Millennials Would Rather Work for This Company Than Work for Themselves

Millennial research, Millennial insight, Millennial marketing, Gen Z research, Gen Z marketing, Gen Z insight, youth research, youth marketing

We asked 18-34-year-olds what company they would most like to work for, and one brand was a clear favorite…

Either you’re employing the largest workforce in America’s history or you’re a part of it—and it’s undeniable that Millennials are shifting the 9-to-5. Our Millennial Employee Handbook trend detailed some major findings about these young workers, including who the next generation of managers are, how many have a side hustle, and what workplace trends are worth investing in. We found that for Millennial employees, work-life balance and flexible hours are second and third to only salary when it comes to what makes the perfect position. But that’s not to say all young adults are aiming for a future of freelancing: 60% would rather work in a company, the average ideal size being 150 people. Their need for stability and clear paths for growth are evident, especially since simply being employed is something they’re still learning to trust.

We continued our research into Millennial employees' wants and needs with our most recent monthly survey of 1,000 13-34-year-olds, focused on employment and career goals. About seven in ten Millennials are employed in some capacity, with over half employed full time. Almost eight in ten tell us they’re happy with their current jobs, and the majority don’t plan to look for another job in the next year. But what if they could have their dream job? To find out more about Millennials’ career aspirations and dreams, we asked them “If you could work for any company in the world, what company would you most like to work for?”* Once again, their practicality shone through—with a big, well-known, brand winning out over the more risky entrepreneurial choices. Here are the companies that received the most mentions:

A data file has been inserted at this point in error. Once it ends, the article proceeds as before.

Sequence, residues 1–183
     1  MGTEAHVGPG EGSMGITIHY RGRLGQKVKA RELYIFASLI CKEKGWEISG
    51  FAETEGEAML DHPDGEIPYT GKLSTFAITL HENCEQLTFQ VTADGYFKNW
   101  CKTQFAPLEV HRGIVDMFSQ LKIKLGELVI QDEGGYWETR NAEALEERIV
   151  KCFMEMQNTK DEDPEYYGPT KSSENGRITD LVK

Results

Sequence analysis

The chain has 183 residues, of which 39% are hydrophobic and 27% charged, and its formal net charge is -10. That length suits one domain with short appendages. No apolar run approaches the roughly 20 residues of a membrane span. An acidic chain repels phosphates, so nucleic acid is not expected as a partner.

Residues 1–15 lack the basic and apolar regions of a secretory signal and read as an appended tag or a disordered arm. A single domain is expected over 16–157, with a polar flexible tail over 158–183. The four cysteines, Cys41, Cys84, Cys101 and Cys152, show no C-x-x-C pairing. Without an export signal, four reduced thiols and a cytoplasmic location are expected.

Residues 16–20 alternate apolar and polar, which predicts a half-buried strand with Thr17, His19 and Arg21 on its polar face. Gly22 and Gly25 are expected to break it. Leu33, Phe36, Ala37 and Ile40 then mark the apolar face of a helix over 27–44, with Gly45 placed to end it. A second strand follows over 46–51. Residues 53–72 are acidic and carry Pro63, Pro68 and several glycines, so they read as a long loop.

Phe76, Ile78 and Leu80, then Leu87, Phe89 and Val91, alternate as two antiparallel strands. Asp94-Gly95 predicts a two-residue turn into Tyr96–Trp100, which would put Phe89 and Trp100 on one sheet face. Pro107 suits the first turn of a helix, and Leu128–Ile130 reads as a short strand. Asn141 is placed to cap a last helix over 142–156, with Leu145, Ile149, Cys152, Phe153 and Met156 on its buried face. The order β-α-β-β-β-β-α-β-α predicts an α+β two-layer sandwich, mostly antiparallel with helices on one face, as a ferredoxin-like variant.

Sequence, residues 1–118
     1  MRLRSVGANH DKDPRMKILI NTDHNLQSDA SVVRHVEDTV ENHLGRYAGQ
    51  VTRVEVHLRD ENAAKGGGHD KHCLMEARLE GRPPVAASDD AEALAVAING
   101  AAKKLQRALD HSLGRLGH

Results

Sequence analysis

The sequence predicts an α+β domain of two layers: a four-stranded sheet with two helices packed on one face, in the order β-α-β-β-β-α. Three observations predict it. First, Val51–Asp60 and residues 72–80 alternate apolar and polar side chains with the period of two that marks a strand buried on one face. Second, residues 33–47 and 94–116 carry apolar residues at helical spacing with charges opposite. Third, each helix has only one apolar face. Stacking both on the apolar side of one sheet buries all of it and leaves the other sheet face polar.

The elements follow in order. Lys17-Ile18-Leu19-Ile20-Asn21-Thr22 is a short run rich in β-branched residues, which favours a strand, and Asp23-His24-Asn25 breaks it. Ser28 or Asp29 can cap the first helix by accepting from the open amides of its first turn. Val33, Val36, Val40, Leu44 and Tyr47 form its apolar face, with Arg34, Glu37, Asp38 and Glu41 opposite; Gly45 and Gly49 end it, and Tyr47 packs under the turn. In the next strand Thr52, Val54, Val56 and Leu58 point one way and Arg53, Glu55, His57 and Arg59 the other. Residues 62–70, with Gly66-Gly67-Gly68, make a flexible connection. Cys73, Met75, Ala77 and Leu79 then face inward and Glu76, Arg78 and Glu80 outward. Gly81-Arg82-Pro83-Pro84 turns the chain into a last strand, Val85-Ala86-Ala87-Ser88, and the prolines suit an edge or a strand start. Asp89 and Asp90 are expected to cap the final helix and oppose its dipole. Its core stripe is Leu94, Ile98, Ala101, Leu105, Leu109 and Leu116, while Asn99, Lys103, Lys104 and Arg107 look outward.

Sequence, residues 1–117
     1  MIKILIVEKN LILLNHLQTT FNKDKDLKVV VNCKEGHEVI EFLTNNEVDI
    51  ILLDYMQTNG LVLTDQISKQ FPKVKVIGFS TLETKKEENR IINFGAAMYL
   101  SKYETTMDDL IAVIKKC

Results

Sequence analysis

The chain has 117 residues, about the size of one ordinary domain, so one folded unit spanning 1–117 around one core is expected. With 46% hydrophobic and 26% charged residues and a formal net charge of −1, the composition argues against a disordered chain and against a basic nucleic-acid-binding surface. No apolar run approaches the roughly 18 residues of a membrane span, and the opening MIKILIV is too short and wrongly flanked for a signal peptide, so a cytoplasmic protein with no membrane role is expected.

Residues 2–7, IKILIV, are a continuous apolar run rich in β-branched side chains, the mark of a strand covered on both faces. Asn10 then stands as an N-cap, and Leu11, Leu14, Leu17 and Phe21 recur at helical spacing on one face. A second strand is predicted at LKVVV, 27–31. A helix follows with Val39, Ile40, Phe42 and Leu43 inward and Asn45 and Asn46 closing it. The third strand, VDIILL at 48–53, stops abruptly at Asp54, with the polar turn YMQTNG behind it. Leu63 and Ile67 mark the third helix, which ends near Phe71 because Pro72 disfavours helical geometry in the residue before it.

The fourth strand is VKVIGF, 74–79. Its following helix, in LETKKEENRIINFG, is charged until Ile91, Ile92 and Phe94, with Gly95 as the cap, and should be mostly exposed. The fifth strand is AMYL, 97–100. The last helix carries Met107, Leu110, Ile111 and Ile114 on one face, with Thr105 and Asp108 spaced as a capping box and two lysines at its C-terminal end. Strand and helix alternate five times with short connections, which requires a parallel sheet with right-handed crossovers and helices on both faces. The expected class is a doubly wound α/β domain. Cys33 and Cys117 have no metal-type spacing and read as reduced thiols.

*These were open-end response questions to…

 
 

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The Newsfeed

“As a graphic designer, without the arts being available to me in school I would have been lost as a child and where to take my career path. The fact that schools are cutting art programs is heartbreaking.”—Female, 24, NJ

Applebee’s is putting down the sriracha and giving up on trying to appeal to Millennials. The brand has decided their newer menu items—like a “triple pork bonanza” sandwich—and attempt at a “modern bar and grill” reinvention has “alienate[d]” Boomers and Gen Xers. They’re shutting down more than 130 restaurants and bringing back initiatives from before their attempted “pendulum swing towards millennials,” all-you-can-eat specials and 2-for-$20 deals. Other brands are creating new spin off chains to appeal to fast-casual lovingMillennials, that “[lack] the associated baggage of the old.” (Inc, NPR)

Adults-only ball pits, bouncy houses, and giant slides are sweeping the U.K. Millennials seeking a break from adulthood are flocking to places like Wacky World’s “massive bouncy-castle obstacle course,” which started out as a children’s event. The founder received so many requests that now every event has an 18-and-over slot, and has expanded to 19 cities. This “trend for arrested development activities” is caused by nostalgia, but the influx of marketing and branding leveraging the emotion could be popularizing these playgrounds for adults. (The Guardian)

Facebook is responding to the trend of asking for birthday charitable donations by integrating it right into the platform. Users in the U.S. can now trade in all the “HBD”s they get on Facebook for donations to the cause of their choice: well-wishers will be notified of the birthday along with the selected non-profit, and get the chance to donate. Facebook will ask users which charity they wish to dedicate their day to two weeks in advance, allowing them to choose from 750,000 organizations. (TNW)

Appear Here is the Airbnb of pop-up shops, giving brands their perfect temporary store for the new era of retail. The company finds short term retail space, and has worked with big-name brands like Nike and Net-a-Porter to open “experimental activations” or “test new products.” As brick-and-mortar continues to suffer and long-term stores close, Appear Here says physical retail is still needed, but to “tell a story.” The pop-up industry was valued at $50 billion in 2015, and provides a more low-risk, flexible option to avoid the retail wasteland. (Glossy)

Millennials & Gen Z are turning a profit online and on mobile by re-selling their retail. Thredup, Poshmark, and Depop are just a few of the most popular brands cashing in on the resale economy’s $18 billion market, and some shoppers say they are making $300 a week on the platforms. Some are also using social to sell, often in conjunction with apps or sites, including Snapchat, Facebook Groups, and Instagram. College students on a budget are reportedly especially drawn to resale, thanks to convenience, value, and access to luxury at a lower price. (FN)

“Adult means being entirely independent. I pay my own bills, make all decisions in my life, and feel very in control.”—Male, 20, NY

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